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Toyota, Sanyo Electric and Others Design Measures to Comply with the Revised Senior Employment Opportunity Expansion Law

By Masako M. Osako, Ph.D.
(Member of ILC-USA Project Advisory Committee)

Main Theme: The Revision of the Law

In order to deal effectively with the challenge of a rapidly aging population, an expansion of employment opportunities for older workers is essential. This is one of the major objectives of the recent revision of the Law Concerning the Stabilization of Employment of Older Persons that became effective on April 1, 2006. Japanese companies have implemented the revised law with a vast variety in design and objectives, reflecting their diverse economic and human resource conditions.

Under the revised law, a company that presently imposes a mandatory retirement on its employees is obligated to 1) raise the retirement age from the currently common 60 to 65 in steps by April 2013, 2) abolish the retirement practice, or 3) introduce a viable plan to continue the employment of post-retirement age workers through either re-hiring or other means. According to the result of a survey recently conducted by the Ministry of Health, Labour, and Welfare ("MHLW"), a large majority of companies prefer the flexibility allowed by option 3) which allows them to determine the re-hiring or retirement extension criteria by agreement with a trade union and thus help the company to avoid retaining unproductive elderly staff.

Background

Japan is aging rapidly. The proportion of working age people to Japan's entire population is also sharply declining. By 2050, it is expected that one in every 3 people will be 65 years old or over. Encouraging older workers to remain healthy and work longer is one viable strategy to cope with the challenge of population aging.

For a program to expand work opportunities for seniors to be effective, it must be consistent with the spirit and practice of corporate employment in Japan. Risking over-simplification, one might say that Japanese companies reward continuous service and, except in extreme cases, do not generally discharge employees. Under this system an employee's salary generally increases parallel to financial needs at different stages in life, from a single young person to a family man with children, and hence to an elderly head of household without children to support. At the end of a few decades of service for a company, an employee is rewarded with a sizable severance payment. These practices have helped companies to maintain a stable work force. However, at the same time management must adopt measures to maintain vigor and productivity in the work place.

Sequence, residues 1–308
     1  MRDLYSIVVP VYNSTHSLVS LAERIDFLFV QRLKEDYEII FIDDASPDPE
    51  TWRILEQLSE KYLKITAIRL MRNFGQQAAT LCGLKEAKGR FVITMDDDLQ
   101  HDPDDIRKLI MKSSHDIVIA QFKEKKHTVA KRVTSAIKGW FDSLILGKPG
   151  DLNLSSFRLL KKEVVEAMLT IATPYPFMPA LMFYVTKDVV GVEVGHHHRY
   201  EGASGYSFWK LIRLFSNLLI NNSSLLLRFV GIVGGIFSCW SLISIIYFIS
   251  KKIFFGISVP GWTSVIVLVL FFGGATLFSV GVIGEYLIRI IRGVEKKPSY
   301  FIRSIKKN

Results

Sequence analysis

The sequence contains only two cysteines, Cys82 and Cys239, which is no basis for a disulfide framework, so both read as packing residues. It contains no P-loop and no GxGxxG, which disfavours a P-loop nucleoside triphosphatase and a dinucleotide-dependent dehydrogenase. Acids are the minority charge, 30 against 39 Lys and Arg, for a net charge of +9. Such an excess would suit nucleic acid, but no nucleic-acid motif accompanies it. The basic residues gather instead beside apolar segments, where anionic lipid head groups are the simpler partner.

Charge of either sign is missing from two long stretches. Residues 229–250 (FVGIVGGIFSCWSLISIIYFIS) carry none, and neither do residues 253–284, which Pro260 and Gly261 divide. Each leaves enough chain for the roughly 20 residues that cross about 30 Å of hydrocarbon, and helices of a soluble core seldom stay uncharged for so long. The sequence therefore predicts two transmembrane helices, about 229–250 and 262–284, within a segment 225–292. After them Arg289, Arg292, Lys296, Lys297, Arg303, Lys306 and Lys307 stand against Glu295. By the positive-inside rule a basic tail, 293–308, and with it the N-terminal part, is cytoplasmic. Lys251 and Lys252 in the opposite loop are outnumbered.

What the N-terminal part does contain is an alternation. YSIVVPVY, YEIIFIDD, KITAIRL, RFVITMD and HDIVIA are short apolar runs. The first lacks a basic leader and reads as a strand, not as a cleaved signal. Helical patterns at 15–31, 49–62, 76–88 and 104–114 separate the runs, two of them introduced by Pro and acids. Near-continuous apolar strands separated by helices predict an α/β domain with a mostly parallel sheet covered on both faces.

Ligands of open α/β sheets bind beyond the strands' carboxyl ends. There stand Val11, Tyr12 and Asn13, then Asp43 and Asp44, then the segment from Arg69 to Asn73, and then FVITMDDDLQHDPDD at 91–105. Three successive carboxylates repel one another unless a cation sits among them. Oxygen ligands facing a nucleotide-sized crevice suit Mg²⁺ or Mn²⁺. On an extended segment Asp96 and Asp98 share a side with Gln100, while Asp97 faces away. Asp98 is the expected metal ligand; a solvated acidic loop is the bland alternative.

Until recently, Japanese companies have dealt with the negative impact of a graying work force largely with 1) a mandatory retirement system and 2) the gradual reduction of salary beginning around age 55. According to a MHLW survey conducted in 2005, approximately 90% of companies had a mandatory retirement rule, commonly set at age 60. According to another survey conducted by the Prime Minister's office in January 2005, over 85% of polled companies restructure older workers salaries downward when they reach 55 to 60. The median salary reduction is 20-30%.

The traditional mandatory retirement at age 60 became a problem when, in 2004, the government raised the national pension eligible age from 60 to 65 by year 2013, creating a gap between retirement and pension eligibility ages. Closing this gap is one of the main goals of the revision of the Stabilization of Employment of Older Persons. The revised law recommended a mandatory retirement age to synchronize the pension eligibility schedule: i.e. 62 years by 2006, 63 years by 2009, 64 years by 2012, and 65 years in 2013.

Implementation: Vast Diversity Found in Senior Employment Expansion Programs

While available data are still fragmentary and scarce, even a handful of cases as shown below indicate a vast diversity in the contents of the plans adopted by companies. Kawasaki Heavy Industry has summarily extended the mandatory retirement age to 63 for all non-managerial employees. For this company, securing of a skilled labor force is critically important in its effort to maintain market competitiveness. Sanyo Electric opted for rehiring of all retirees, but only a small portion of their applicants have applied for rehiring. Unlike these two, Toyota Motor Company rehires retirees on a selective basis depending on the applicants' qualifications.